It’s early sunrise when our Volvo finally stops.
Out the window, the sky hasn’t yet birthed
blue. You’re still asleep, strapped into your leopard-
print car seat, head leaning against the strap.
When I was nine, ten, eleven, there was nothing
more beautiful than watching the lake’s first wet yawns
at dawn. The thick-chested frogs leaping awake.
The fishing spiders slipping through dirt. Glass-
winged dragonflies diving, kissing the surface algae,
swooping away. Those summers, the lake was alive
and colorful and home. Everyday I jumped,
splashed, swam in those waters. Last night, I found
an old photo beneath my three-legged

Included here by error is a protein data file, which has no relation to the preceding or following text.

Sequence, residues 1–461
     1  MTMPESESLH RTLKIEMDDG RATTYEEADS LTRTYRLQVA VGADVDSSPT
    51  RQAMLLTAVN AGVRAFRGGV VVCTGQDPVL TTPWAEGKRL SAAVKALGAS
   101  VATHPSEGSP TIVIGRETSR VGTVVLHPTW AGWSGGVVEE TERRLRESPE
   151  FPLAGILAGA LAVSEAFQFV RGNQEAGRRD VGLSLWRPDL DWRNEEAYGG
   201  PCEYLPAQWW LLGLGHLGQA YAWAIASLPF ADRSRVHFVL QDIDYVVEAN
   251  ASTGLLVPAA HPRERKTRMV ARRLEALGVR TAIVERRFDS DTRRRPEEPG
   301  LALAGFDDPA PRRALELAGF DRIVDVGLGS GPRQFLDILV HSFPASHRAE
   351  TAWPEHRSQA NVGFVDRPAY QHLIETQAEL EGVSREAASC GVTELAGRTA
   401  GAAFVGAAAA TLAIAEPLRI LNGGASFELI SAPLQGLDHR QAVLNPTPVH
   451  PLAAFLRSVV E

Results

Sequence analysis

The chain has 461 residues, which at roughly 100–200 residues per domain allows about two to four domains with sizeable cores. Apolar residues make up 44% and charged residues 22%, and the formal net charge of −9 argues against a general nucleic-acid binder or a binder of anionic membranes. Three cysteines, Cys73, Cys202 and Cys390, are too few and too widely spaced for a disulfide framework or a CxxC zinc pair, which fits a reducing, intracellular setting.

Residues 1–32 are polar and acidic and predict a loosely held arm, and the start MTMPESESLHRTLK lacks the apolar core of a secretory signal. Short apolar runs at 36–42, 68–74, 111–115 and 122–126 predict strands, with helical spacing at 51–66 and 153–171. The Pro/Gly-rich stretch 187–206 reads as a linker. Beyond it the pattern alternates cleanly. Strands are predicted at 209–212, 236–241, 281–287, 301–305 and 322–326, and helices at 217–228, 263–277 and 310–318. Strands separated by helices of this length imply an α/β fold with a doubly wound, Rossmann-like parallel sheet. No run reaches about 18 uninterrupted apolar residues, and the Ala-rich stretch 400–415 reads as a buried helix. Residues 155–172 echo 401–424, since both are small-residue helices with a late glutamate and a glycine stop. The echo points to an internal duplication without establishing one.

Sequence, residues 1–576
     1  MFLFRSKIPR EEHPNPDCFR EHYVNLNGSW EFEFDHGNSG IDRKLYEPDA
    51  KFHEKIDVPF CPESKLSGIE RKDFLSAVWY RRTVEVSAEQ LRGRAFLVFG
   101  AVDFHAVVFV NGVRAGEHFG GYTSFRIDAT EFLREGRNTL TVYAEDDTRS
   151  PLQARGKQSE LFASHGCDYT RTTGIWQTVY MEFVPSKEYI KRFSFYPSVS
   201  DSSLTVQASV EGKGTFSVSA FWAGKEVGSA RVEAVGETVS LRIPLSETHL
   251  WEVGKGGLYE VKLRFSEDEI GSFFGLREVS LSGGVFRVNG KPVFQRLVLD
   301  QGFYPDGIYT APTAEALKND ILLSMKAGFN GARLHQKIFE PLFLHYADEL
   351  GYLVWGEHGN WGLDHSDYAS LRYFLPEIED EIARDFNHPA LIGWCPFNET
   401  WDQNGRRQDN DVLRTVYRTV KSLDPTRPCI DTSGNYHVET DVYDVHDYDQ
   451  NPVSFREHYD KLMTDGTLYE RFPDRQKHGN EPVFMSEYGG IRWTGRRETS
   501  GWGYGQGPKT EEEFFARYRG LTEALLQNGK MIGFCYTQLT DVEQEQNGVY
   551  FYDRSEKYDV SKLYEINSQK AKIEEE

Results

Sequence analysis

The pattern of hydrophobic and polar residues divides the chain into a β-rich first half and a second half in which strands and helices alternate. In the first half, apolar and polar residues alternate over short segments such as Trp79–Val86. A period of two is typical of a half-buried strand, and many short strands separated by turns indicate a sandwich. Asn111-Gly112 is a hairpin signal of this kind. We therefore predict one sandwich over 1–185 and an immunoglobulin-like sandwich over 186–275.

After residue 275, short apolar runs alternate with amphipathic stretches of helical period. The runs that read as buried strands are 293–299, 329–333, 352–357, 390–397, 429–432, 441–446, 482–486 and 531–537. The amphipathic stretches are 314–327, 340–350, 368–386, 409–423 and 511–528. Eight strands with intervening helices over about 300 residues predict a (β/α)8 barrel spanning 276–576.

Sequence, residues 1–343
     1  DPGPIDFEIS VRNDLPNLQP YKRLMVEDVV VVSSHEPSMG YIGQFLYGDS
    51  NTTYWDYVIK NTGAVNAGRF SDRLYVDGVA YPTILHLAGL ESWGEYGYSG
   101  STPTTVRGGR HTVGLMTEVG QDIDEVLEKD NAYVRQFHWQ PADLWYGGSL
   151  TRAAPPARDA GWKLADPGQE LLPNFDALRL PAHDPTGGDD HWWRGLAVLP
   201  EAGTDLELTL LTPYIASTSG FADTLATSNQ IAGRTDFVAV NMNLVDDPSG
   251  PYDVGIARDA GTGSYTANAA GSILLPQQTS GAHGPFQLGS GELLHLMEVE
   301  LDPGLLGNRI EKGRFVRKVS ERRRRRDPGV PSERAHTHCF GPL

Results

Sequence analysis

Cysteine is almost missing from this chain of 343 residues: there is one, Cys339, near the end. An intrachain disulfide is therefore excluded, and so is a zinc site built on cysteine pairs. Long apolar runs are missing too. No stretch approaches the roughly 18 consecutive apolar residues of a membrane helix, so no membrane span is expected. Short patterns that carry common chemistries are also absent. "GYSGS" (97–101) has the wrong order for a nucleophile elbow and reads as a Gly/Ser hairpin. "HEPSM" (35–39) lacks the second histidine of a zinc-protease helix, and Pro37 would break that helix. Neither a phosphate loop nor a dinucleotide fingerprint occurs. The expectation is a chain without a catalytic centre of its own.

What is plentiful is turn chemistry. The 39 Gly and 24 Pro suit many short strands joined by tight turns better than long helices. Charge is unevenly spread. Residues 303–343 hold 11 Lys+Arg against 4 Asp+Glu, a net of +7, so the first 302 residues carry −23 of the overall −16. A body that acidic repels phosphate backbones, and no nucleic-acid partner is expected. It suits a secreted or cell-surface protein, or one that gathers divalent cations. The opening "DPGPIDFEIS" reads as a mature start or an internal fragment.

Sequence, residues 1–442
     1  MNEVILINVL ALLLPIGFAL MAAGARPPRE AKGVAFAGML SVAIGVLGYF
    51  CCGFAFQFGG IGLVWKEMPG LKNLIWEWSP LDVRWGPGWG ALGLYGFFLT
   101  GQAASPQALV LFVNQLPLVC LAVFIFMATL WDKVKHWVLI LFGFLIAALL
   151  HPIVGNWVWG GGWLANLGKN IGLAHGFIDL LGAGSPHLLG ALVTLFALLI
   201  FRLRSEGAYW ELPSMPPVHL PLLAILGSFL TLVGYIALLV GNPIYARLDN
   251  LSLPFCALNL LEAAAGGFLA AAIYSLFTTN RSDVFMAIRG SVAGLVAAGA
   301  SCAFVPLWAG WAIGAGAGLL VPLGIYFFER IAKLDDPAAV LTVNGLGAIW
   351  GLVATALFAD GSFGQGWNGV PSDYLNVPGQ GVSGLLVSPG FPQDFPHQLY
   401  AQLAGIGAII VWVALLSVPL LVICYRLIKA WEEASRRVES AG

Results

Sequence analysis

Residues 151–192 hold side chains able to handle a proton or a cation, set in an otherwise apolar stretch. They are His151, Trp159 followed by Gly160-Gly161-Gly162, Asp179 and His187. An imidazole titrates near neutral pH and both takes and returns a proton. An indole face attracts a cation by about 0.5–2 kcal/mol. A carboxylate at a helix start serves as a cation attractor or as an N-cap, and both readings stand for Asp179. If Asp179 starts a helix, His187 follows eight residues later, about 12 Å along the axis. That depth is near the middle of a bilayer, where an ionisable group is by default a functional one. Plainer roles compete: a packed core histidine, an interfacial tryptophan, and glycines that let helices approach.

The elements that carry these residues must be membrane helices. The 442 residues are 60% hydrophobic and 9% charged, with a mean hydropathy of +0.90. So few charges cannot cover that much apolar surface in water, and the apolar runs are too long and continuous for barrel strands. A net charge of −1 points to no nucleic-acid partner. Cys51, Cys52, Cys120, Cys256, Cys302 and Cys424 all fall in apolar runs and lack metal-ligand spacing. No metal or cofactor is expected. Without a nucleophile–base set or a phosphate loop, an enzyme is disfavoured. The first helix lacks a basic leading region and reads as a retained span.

nightstand. Pink and orange reflecting onto
the lake’s surface. The bottom half of the sky
and the top half of the lake formed two wings
of a halved butterfly. This morning, I knew
I had to take you there. You’re awake now,
hands rubbing your eyes. I pick you up from the seat.
Carry you. When we arrive, there’s nothing
here. No pink-orange surface. No frogs.
No water. All that remains is a giant crater left
in the ground like a paw print. The water long-
dried-up, leaving behind only a layer of crushed rock.
Where’s the lake? you ask. The sky only now starts
to turn blue. I don’t know, I say, looking up
at the sky. It’s warmer than I remember.
Maybe we drove to the wrong place.
Daniel Boyko is a writer from New Jersey. His work appears or is forthcoming in SOFTBLOW, Nanoism, Blue Marble Review, and The Aurora Journal, among others. He serves as Editor-in-Chief of Polyphony Lit. Wherever his dog is, he can’t be far behind.